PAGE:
These were also difficult times for Alexandra's mother, who was battling diabetes. Bell's own mother, Ivy, had died of diabetes-related complications in 1992 but, when she was diagnosed with diabetes herself, she says she buried her head in the sand. After the birth of Sheneice, Bell had first noticed something was wrong. 'I was tired all the time and constantly thirsty, which at first I put down to the pregnancy,' she says. After several months, though, she felt so unwell that she went to a GP for a test. 'I was devastated when the GP confirmed it was type-two diabetes,' Bell told the Daily Mail. 'I remember saying that I didn't want to die. He reassured me, saying my condition could be monitored and controlled.' All the same, she says, she did not heed the warnings that both the medical profession and her late mother had offered. 'Mum warned me about the dangers of diabetes but I didn't listen,' she says with a sigh. 'And just the thought I couldn't eat cakes and biscuits made me want them more. I could not stick to a diet that would have helped me manage my diabetes.' The combination of her mother's death and her own medical condition sent Bell into despair, which she tried to hide from her family. 'Every morning I would wake up, almost surprised to still be there. It was a very dark time. Like all my children, Alex was very supportive but she was still young. They weren't aware of how bad I was feeling.'
With her mother battling illness and often touring the world with Soul II Soul in order to earn enough money to keep the family afloat, Alexandra and her siblings were left in the care of their grandfather Ivan and a childminder named Pauline Harty, who Alexandra refers to as her 'second mother'. Her mother's travelling meant that she missed nearly all of Alexandra's performances, including school plays and performances. It was naturally upsetting for the youngster as she looked into an audience filled with expectant, proud parents, not to see either her mother or father there. A combination of focus and understanding saw her through. 'You know what? I've always had the drive to do it regardless. Don't get me wrong, it did upset me, but I knew she was always busy, always providing.' However, since making this conciliatory remark, Alexandra has been more direct about how hurt she has been by her mother's absence. 'Every birthday my mum would send me £50 in the post. She was away on tour a lot,' she remembers. 'She was making money for us and living her dream but all I wanted was for her to be around more. The one thing I hated was when she was away. I can say now, it's a shame that my mum never came to a school performance because she was always away. That's the one thing I really kicked her for. It was my granddad who was at them all. My granddad and my auntie Sonia were there for me all the time.' She has also admitted how upset she was that her mother did not attend the first week of the live finals of The X Factor in 2008.
Her mother's absence during her childhood is clearly still a difficult issue for Alexandra, who has given as many understanding, conciliatory statements about the subject as she has more critical ones. It is not surprising that the loving and loyal Alexandra should feel mixed up, and perhaps she will always feel conflicted on this matter. 'I owe my life to them, they're a very supportive family,' she says when asked about her close relatives. 'Every family has their ups and downs, and I thank God that we now are a secure family. We are a tight family and my mum is like my best mate, my sister as well, it's ridiculous.'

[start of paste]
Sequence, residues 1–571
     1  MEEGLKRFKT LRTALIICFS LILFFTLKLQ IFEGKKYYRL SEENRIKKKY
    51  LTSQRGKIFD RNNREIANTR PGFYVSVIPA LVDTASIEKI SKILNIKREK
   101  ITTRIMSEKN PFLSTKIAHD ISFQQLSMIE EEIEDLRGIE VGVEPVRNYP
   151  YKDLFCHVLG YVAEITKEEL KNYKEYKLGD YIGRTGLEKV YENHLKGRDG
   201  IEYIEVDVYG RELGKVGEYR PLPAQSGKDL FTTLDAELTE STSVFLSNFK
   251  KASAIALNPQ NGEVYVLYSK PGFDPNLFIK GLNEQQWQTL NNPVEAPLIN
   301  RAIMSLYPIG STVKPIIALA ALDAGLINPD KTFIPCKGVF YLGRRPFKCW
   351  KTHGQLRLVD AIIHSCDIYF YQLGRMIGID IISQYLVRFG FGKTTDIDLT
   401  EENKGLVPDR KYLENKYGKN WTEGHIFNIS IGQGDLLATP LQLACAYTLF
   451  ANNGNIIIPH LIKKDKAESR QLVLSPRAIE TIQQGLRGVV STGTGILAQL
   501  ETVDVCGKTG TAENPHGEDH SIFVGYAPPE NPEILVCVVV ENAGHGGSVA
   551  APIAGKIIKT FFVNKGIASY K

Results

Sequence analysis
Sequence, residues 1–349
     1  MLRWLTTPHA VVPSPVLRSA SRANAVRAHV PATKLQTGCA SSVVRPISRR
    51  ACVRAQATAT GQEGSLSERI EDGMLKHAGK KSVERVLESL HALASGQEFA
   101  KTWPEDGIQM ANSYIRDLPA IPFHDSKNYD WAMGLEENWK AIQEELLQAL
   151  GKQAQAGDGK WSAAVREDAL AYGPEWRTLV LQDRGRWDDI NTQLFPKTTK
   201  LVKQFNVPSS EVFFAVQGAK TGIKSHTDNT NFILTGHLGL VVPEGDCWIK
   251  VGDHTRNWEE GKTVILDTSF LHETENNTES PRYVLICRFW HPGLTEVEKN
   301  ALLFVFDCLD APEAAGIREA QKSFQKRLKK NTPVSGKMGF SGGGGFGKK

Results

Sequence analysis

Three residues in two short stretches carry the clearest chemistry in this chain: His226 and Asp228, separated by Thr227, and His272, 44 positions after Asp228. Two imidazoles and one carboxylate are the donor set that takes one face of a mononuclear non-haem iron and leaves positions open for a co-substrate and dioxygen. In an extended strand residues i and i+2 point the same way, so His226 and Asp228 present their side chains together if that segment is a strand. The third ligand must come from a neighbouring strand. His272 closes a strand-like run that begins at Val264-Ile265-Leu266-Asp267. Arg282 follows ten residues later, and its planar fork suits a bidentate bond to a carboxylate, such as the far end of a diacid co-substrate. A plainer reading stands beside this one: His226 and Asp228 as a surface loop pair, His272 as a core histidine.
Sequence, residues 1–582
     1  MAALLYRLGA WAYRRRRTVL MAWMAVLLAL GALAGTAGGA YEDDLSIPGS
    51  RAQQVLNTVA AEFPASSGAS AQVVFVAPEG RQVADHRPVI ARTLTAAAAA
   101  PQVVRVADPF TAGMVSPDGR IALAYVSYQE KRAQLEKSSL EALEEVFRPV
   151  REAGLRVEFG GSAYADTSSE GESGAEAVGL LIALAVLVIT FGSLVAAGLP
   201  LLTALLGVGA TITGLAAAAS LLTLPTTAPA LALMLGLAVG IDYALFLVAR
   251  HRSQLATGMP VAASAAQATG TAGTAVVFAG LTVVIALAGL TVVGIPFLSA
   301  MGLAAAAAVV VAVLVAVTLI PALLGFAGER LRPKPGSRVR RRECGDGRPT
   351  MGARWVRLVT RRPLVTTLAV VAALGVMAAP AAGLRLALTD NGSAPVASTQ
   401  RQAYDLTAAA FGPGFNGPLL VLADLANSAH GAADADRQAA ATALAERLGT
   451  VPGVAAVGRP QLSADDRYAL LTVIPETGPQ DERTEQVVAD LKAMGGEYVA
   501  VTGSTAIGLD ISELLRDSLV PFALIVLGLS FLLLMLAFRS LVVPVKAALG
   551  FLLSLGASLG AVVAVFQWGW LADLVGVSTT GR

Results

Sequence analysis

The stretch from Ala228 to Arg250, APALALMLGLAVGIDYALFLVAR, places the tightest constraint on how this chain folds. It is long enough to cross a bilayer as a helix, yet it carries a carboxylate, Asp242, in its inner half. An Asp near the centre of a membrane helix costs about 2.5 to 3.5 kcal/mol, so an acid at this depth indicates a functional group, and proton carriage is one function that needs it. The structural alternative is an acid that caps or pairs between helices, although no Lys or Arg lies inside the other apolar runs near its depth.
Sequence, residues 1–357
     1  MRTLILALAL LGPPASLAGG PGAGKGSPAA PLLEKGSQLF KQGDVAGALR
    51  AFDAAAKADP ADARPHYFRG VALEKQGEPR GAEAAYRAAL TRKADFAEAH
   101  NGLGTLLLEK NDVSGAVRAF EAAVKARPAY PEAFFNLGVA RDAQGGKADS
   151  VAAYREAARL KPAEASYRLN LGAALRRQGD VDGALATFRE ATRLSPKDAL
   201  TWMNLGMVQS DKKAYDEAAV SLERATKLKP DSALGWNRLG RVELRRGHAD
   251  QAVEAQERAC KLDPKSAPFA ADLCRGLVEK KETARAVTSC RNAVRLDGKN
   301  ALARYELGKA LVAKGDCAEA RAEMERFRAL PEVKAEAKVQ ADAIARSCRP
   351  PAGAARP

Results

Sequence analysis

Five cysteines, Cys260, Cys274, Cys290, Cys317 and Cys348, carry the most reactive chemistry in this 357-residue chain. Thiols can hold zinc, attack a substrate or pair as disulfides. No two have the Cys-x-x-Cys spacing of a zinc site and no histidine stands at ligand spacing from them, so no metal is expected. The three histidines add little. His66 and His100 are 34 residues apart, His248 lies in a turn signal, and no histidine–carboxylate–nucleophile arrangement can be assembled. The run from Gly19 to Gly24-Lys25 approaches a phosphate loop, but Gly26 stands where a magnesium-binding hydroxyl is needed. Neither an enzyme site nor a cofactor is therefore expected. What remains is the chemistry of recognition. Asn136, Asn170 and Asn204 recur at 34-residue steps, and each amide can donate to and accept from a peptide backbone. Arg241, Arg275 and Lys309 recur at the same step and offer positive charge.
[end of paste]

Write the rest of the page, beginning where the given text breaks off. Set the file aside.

But, despite her mixed feelings about her mum's career, it provided an opportunity for Alexandra's first significant stage appearance. 'One day, when she was nine, I was doing a corporate gig in front of four hundred people and Alex got up out of the audience, walked up to the stage and said, "Mum, can I sing?"' remembers Melissa. 'She took the mic and sang "Coco Jumbo", a popular dance song, and the audience loved it. She had a kind of mesmerising star quality, even then.'
In fact, 'Coco Jumbo' is a rather masculine and mature song for a nine-year-old girl to sing. Performed by the three-piece German Europop act Mr President, it is a catchy reggae-fused tune that gave the band their biggest hit. With its lyrics about taking a 'pee pee' and 'treating girls smooth', it must have seemed an extraordinary performance from such a young child. However, the truly extraordinary aspect was the sheer quality of her vocal performance. As Bell gushes, 'That was the first time I thought, Wow, she could really make a go of this. After that, she took every opportunity to come to the recording studios and she did backing vocals on many of my tracks.'
The same year, Alexandra had another live-performance experience courtesy of her talented and loving mother. Bell had been called to perform in Bahrain, and had brought Alexandra with her. During one of the performances, she handed a microphone to her daughter and told her to sing to the audience. It was a defining moment for Alexandra. 'I knew I wanted to sing from the age of five, but that was the first time I got that kick,' she says. She sang the Randy Crawford number 'You Might Need Somebody' and absolutely mesmerised the audience. 'I love that song,' she says. Three years later she would sing it to a much larger audience.
Excerpted from Alexandra Burke by Chas Newkey-Burden. Copyright © 2009 Chas Newkey-Burden. Excerpted by permission of John Blake Publishing Ltd.